Using a computer may not seem like the riskiest of activities, particularly when compared with the hazards faced by workers in other industries such as those operating heavy machinery or handling dangerous chemicals. Yet there are still health risks associated with computer, display screen equipment (DSE) and visual display unit (VDU) usage that need to be taken into consideration by those using the equipment, as well as their managers.
The main health issue associated with computers is eye strain through prolonged use, without sufficient breaks away from staring at the screen. Workers may feel reluctant to stop using equipment in case managers think they are not working and are slacking off, so it is important to discuss your concerns and feelings with your line manager or supervisor. Often, issues can be resolved without having to resort to quoting the relevant health and safety legislation for the country you operate in! This can usually take the form of either management agreeing to suitable break periods (ten minutes per hour is an often quoted recommendation), or finding alternative work away from the computer that can be done, such as paperwork or maintenance of something, which gives the person’s eyes a break but still means they are working.
As well as prolonged or excessive use, eye strain can also be caused by glare from the screen. A monitor that has its brightness setting too high will place more stress on the operator’s eyes, whilst a monitor which is situated opposite a window can have sunlight reflecting off the screen. Simple steps such as reducing the brightness setting and closing window blinds can greatly reduce this as a problem.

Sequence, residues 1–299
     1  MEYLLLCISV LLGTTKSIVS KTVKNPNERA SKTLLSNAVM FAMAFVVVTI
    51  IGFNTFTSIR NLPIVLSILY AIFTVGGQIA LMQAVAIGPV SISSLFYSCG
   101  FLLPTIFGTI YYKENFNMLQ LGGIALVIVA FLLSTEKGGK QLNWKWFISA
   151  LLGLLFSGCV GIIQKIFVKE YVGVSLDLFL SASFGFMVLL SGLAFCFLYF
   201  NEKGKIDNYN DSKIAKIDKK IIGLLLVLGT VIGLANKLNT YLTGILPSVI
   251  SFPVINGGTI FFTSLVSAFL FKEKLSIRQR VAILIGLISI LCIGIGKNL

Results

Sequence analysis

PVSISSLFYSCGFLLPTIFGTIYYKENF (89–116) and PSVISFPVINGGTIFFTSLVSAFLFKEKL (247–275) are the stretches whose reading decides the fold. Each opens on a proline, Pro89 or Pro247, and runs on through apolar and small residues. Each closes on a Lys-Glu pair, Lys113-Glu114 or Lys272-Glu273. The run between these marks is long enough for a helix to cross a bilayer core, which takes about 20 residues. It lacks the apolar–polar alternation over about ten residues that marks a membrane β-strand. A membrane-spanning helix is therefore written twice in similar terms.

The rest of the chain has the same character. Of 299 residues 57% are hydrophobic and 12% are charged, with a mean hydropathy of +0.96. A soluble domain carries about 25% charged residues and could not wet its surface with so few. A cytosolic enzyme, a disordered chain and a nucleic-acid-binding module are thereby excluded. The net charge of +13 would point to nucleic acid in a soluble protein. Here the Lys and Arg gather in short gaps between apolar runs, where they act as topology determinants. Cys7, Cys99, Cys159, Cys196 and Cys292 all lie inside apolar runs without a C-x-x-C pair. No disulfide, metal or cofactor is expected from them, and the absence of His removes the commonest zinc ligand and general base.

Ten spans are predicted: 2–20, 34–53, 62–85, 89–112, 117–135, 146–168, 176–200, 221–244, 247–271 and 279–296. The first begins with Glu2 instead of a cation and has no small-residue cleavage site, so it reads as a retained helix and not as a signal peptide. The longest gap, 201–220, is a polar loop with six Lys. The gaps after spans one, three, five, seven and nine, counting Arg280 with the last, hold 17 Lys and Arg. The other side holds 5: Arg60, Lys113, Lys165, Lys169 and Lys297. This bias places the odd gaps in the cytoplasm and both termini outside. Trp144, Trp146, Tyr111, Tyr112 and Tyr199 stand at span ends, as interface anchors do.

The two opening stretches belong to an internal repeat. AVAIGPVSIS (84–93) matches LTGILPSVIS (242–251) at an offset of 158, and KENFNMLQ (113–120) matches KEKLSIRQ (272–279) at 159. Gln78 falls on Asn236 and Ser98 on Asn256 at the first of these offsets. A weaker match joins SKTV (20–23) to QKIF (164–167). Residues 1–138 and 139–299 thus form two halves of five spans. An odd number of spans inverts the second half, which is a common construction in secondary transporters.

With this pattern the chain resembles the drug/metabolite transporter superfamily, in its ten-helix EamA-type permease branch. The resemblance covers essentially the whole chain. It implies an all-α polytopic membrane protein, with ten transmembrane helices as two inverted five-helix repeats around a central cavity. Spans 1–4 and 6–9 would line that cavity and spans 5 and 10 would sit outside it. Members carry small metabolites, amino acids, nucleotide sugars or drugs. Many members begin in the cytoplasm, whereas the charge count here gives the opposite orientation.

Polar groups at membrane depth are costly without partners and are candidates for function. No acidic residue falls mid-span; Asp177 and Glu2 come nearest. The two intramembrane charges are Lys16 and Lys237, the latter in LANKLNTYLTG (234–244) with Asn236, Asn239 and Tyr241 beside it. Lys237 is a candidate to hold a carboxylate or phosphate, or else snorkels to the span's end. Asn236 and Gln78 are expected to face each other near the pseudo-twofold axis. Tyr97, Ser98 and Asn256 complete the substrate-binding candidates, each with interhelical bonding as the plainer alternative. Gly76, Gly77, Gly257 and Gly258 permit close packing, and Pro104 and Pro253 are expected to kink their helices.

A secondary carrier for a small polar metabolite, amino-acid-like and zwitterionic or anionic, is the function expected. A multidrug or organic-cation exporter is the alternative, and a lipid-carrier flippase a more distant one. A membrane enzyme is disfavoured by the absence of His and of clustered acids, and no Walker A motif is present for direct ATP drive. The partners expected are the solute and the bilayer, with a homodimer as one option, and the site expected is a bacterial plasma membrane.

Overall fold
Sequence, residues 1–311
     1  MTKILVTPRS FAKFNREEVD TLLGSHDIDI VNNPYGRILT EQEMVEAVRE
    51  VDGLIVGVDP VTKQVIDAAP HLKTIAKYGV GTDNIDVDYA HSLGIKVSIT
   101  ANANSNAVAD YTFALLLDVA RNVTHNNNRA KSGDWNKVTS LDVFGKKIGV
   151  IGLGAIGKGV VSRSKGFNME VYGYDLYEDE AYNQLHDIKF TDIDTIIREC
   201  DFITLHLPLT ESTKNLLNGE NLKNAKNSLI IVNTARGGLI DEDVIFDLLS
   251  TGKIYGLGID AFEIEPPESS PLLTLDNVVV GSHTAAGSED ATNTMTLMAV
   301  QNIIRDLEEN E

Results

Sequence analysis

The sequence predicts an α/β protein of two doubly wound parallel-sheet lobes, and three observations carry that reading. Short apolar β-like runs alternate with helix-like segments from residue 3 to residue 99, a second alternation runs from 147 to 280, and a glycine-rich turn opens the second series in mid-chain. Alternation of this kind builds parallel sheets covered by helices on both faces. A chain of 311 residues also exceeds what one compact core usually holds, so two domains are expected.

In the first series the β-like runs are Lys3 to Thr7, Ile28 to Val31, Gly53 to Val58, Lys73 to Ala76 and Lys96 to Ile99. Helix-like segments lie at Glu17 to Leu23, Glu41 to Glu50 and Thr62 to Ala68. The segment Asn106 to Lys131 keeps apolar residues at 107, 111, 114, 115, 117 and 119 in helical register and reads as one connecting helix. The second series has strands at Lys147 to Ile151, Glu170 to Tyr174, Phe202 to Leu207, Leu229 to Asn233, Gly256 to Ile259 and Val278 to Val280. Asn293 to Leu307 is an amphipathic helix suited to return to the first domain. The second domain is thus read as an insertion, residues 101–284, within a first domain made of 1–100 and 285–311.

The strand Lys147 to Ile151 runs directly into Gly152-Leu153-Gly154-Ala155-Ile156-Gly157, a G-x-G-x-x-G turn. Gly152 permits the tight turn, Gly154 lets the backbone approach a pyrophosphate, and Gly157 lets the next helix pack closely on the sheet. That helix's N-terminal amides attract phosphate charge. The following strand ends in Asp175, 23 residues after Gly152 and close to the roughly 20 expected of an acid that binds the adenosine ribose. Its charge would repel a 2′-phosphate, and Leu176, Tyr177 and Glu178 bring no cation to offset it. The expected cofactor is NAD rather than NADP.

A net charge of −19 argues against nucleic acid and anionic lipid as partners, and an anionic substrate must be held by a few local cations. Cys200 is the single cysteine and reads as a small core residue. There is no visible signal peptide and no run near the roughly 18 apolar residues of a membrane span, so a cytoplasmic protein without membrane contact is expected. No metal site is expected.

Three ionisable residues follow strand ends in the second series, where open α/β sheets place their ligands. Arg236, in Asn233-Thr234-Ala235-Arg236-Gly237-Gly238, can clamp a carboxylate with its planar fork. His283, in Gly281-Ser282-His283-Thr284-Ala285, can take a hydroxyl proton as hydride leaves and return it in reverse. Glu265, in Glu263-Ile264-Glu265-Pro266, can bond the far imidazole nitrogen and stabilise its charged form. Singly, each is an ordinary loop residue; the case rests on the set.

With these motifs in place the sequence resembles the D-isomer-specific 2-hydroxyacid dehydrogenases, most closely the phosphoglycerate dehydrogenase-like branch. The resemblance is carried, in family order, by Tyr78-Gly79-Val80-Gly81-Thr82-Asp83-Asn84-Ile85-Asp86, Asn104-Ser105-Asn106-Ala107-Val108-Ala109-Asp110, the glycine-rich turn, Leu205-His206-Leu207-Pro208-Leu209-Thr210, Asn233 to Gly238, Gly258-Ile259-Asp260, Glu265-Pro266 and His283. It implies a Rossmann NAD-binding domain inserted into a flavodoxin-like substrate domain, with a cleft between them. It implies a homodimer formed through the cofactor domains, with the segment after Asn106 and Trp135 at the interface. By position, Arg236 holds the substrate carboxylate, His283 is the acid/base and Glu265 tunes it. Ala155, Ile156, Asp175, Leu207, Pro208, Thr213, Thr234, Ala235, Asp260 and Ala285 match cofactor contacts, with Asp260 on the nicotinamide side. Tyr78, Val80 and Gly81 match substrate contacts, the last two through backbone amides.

Eyes are not the only part of the body that can be affected by computer use. Incorrect support of the wrists can cause aches and pains over a long period of time. Many companies now provide wrist wrests for keyboards and computer mice. Incorrect posture can also cause problems, with the use of foot rests and adjustable chairs helping to combat this. Again, it will depend greatly upon which country you are in and the applicable health and safety legislation for that country as to what your employer must provide. Even if your employer does not have to provide you with this equipment, most will, as the cost of a wrist rest or foot rest is a small price to pay if it means a healthy and motivated worker.
Computer equipment not only generates heat which may make the working environment uncomfortable, but there can also be an electrical fire hazard if plug sockets are overloaded, water is spilled on them or wiring is faulty. Many organizations conduct testing of their equipment for safety, typically once a year. Also, computer equipment can be extremely heavy, so there are manual handling issues to consider when moving equipment to new locations within the building.